Our long way to the LCA water scarcity footprint

The LCA water scarcity footprint can assess the on-site and remote probability of freshwater scarcity for humans and nature through human use of freshwater along global supply chains in a spatially explicit way. As clear as we can say this now, it was not always during the development process.

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We started working on the article over three years ago by looking at existing water footprint concepts. We quickly realised that we wanted something simpler, more consistent and more comprehensible. At the same time, we wanted to integrate the preliminary work of our colleagues. With this in mind, began a very long phase of elaborating different approaches. Mostly these became more and more complicated, I still remember a very challenging case differentiation of green water use with respect to land cover changes, until we had to stop, drastically simplify the approach and start from scratch. In short, it was a tenacious period of tinkering in which we did not always see the goal clearly in front of us. A multitude of different concept drafts is witness to this lengthy process. Finally, a major breakthrough was breaking down the water footprint to a very simplified hydrological input-output analysis. The key to the solution was a combination of our different expertise: Martina Flörke explained the hydrological basics, which I translated into a life cycle assessment, while Stefan Bringezu always took a systemic view of our work. After that, the knot was broken, so to speak, and we were able to create our main figures, which can be found in the article and describe our concept of the water footprint. Now that it has been proven in application to a case study, we will take our concept further to demonstrate its strengths. What we would like to see in the future: That our and similar concepts are used in practice to identify hotspots of environmental impacts in general, and water use in particular, and to compare products and technologies in terms of their environmental impact at an early stage. We believe that decision makers can avoid problem shifting and prevent past mistakes only with this knowledge.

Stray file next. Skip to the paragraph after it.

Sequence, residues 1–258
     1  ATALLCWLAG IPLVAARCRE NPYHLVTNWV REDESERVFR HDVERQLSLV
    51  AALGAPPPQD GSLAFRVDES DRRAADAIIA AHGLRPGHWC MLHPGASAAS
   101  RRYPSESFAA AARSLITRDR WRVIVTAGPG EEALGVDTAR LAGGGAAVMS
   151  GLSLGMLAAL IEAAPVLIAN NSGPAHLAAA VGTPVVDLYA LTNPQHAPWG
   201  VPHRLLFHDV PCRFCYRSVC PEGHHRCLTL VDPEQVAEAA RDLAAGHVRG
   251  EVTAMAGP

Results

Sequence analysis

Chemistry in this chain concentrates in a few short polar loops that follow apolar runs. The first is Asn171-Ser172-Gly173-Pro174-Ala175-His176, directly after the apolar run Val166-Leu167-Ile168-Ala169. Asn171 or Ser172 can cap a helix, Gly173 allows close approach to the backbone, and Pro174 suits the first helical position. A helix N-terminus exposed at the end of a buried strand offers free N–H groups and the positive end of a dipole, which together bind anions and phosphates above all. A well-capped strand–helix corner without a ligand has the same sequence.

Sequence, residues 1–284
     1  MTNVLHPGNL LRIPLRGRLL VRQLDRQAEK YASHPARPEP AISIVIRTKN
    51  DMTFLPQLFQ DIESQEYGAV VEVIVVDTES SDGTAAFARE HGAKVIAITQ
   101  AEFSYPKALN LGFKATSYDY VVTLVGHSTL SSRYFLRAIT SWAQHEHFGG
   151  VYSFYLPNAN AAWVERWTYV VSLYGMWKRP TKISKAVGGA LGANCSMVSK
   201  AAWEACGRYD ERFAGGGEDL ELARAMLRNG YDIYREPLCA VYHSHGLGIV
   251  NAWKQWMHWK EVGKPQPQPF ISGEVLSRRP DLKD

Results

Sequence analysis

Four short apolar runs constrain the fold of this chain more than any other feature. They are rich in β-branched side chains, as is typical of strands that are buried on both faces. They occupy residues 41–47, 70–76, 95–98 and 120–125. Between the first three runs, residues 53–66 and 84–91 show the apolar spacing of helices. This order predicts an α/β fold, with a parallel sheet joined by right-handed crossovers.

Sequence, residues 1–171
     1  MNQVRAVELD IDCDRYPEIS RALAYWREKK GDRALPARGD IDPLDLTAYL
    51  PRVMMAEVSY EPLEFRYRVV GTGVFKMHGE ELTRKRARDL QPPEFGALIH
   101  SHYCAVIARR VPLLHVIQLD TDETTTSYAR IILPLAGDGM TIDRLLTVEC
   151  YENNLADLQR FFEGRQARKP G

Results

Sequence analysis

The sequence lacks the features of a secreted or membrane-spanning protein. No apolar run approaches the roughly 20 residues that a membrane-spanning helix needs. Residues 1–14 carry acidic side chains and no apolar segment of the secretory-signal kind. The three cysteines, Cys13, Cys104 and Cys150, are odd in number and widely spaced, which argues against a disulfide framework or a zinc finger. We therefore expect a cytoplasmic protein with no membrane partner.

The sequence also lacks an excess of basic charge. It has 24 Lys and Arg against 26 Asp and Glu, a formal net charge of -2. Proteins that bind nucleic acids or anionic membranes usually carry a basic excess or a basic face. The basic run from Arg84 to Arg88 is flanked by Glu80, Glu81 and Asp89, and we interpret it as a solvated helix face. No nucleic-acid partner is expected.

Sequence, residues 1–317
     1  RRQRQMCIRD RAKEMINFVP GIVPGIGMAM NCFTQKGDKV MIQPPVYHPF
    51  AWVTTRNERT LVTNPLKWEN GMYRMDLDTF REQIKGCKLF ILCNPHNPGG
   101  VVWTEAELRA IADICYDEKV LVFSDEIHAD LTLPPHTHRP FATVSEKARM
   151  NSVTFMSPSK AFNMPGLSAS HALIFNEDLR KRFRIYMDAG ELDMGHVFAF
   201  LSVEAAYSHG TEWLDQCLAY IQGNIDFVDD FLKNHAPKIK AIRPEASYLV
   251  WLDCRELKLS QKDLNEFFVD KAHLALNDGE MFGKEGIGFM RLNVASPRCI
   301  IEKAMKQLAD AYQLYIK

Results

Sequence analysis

A multitude of different concept drafts is witness to a lengthy process of concept development. In the image you see a selection of our drafts.

Anna Christine Schomberg

Phd student, Center for Environmental Systems Research, University of Kassel